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Domestic 'Fourslide' Parts Fabrication Slashes Inventory Costs

Thu, 12/09/2010 - 4:50am
Ed Sullivan
Fourslide Metal StampingsIf you're sourcing stamped metal parts from overseas, you may be required to order far more than you really need. Using fourslide fabrication can eliminate that requirement.

If you're sourcing metal stampings from overseas locations such as China, you're most likely buying in large volumes, perhaps containerloads. Chances are you're also buying into some potential drawbacks, including prolonged lead times, sketchy communications, expensive tooling and the inability to stamp individual parts with complex shapes.

One of the most troublesome drawbacks of those large volume overseas purchases is an excessive inventory requirement, which not only affects your cash outlay for parts, but also means you may have those parts on hand far longer than necessary, perhaps exceeding the lifecycle of the product they support. In such cases, leftover parts are often scrapped and the economies-of-scale benefit of stamping parts overseas is thwarted.

Increasingly, U.S. manufacturers are becoming less prone to making large-volume parts commitments, particularly in segments where products go through more frequent upgrades, resulting in shorter life cycles. Many are finding that "fourslide" metal forming is a less expensive, more timely and flexible solution that can reduce their inventory investments with JIT deliveries from a domestic supplier, instead of taking months to receive from an overseas stamping operation.

Outsourcing parts from overseas often results in large volumes and expensive tooling. Conversely, fourslide production uses a series of relatively inexpensive tools that make component parts in volumes of even a few thousand at an affordable cost, which is much more in line with many of today's manufacturers' requirements.

"Below the million [parts] mark, where many of us manufacturers reside, fourslide holds the advantage because of the very low cost of the tooling," points out Anthony Viggiano, co-owner of Autotether, Inc. (Rocky Hill, CT), which makes a unique, multi-functional wireless alarm switch for boating safety applications. "With the fourslide process, the cost of the tool isn't that great, so your capital investment isn't high."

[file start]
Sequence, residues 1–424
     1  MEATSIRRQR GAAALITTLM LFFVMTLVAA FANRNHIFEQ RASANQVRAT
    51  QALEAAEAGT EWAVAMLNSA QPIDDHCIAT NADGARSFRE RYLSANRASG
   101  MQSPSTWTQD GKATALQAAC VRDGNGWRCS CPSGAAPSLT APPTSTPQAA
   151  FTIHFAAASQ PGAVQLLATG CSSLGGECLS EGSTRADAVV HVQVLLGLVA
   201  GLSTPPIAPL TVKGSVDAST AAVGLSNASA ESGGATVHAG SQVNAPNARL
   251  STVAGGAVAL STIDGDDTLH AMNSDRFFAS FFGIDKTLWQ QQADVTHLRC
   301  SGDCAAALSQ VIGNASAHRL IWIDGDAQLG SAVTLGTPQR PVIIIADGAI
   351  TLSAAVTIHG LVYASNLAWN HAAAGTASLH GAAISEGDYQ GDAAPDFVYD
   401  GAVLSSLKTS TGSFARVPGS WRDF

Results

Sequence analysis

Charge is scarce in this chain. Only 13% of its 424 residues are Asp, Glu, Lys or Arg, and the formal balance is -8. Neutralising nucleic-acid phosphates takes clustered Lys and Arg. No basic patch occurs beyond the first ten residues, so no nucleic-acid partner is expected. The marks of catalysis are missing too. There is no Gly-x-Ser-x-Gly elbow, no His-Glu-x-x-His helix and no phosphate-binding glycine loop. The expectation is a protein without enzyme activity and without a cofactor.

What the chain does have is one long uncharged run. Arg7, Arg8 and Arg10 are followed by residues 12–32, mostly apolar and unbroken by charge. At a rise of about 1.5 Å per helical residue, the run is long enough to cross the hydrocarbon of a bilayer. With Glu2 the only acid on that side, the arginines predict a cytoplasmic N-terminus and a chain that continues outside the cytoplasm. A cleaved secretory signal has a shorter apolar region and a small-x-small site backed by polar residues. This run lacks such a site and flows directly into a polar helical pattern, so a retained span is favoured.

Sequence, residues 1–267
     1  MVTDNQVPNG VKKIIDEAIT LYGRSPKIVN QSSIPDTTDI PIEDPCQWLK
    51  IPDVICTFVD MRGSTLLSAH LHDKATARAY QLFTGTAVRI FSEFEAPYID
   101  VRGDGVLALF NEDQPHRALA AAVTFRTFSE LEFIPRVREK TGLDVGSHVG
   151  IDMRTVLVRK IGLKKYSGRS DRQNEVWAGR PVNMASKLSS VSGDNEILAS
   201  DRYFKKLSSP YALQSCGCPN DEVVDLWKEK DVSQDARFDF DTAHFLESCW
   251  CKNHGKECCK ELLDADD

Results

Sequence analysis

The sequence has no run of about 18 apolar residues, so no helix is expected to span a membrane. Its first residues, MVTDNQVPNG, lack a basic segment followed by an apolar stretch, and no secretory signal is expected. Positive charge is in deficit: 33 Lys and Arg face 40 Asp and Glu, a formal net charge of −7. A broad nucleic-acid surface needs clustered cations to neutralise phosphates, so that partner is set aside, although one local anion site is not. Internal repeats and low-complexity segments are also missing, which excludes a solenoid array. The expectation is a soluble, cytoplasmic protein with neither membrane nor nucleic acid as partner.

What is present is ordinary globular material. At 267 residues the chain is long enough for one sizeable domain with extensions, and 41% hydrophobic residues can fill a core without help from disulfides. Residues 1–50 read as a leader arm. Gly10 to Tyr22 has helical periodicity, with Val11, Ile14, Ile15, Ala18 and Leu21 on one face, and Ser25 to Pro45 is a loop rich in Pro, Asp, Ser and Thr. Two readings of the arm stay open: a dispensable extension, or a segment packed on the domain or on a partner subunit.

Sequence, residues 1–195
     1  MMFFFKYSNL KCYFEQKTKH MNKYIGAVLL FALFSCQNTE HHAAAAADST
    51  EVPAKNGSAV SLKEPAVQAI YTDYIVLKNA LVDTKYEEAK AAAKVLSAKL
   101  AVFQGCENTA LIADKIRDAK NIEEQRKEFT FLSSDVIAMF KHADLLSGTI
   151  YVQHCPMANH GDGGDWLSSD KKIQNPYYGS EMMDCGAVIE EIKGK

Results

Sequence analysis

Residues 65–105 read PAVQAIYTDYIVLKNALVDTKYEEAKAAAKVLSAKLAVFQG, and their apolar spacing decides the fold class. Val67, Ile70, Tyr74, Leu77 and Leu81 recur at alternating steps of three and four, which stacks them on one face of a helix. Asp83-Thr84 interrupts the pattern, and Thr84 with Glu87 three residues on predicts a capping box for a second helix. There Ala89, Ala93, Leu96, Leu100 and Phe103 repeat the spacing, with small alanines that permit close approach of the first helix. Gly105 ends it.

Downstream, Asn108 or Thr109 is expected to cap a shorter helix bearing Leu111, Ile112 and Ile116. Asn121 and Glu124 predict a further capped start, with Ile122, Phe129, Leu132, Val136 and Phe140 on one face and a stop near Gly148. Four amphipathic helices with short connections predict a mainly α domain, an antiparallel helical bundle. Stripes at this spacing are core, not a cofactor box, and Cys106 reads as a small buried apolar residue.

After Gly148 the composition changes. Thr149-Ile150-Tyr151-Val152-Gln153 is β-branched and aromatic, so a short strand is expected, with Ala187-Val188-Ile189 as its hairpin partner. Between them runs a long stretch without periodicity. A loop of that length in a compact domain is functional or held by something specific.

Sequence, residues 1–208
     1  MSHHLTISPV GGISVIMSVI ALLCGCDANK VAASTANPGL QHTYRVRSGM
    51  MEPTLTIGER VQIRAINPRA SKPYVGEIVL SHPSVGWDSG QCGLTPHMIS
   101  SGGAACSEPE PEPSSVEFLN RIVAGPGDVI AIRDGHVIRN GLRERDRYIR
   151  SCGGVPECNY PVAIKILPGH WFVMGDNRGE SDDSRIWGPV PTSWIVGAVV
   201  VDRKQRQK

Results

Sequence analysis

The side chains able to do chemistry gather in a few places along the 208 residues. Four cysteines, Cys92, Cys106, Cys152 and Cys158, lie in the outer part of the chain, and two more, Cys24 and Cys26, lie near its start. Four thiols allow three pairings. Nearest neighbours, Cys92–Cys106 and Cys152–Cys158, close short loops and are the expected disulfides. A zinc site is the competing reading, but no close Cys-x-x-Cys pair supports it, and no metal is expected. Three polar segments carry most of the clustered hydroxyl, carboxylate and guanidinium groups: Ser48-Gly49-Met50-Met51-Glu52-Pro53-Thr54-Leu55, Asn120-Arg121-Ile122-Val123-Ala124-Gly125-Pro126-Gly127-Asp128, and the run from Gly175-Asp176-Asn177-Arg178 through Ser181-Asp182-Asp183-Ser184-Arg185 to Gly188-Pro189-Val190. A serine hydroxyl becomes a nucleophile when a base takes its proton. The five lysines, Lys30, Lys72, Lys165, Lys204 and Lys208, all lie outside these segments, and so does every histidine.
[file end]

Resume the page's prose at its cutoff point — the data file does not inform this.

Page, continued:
Although the term "fourslide" is generic, Autotether has chosen Fourslide Spring and Stamping Inc. (Bristol, CT) as its supplier. Fourslide offers customers the material of choice, such as metal wire and flat strips of stainless steel, beryllium copper, phosphor bronze, brass, high carbon steel and other materials, as well as finishes of electroless nickel, gold, silver, zinc and other metals. Assembly, and secondary operations such as drilling and tapping are also available from this supplier.

The fourslide process uses a sequence of stamping and forming operations on a single workstation, and can execute multiple bends, radii, angles greater than 90º, dimples and other features - before the part is ejected. This capability yields precision metal stampings, flat springs, wire forms, contacts and other complex forms for a wide range of medical, electrical, automotive, aerospace, military, consumer and industrial applications. The simplicity in producing fourslide tools, versus the time-consuming complexity of power press tools, translates into a significant reduction of lead times approaching 50% or more. Compared with overseas suppliers, the lead-time savings could be even greater.

Jim Richards, Director of Sales & Marketing at Fourslide Spring and Stamping, points out that a U.S.-based fourslide fabricator has the ability to support the manufacturer-customer all the way through the process, from design through finishing. "The communication that occurs at various stages, in early design, prototype, or production, requires a high level of involvement with the parts manufacturer. The possibility of miscommunications is usually far less with a domestic supplier, and that can be vital to achieving the desired end result."
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